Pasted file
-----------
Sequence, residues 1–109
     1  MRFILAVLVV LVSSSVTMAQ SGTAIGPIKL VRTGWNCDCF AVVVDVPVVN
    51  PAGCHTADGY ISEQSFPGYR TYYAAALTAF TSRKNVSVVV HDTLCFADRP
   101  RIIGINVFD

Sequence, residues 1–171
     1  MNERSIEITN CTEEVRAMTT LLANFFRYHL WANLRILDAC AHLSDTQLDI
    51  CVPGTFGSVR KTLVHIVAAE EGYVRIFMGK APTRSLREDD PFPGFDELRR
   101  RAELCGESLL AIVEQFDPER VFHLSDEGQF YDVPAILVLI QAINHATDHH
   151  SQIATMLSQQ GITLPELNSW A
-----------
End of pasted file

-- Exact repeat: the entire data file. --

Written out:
Sequence, residues 1–109
     1  MRFILAVLVV LVSSSVTMAQ SGTAIGPIKL VRTGWNCDCF AVVVDVPVVN
    51  PAGCHTADGY ISEQSFPGYR TYYAAALTAF TSRKNVSVVV HDTLCFADRP
   101  RIIGINVFD

Sequence, residues 1–171
     1  MNERSIEITN CTEEVRAMTT LLANFFRYHL WANLRILDAC AHLSDTQLDI
    51  CVPGTFGSVR KTLVHIVAAE EGYVRIFMGK APTRSLREDD PFPGFDELRR
   101  RAELCGESLL AIVEQFDPER VFHLSDEGQF YDVPAILVLI QAINHATDHH
   151  SQIATMLSQQ GITLPELNSW A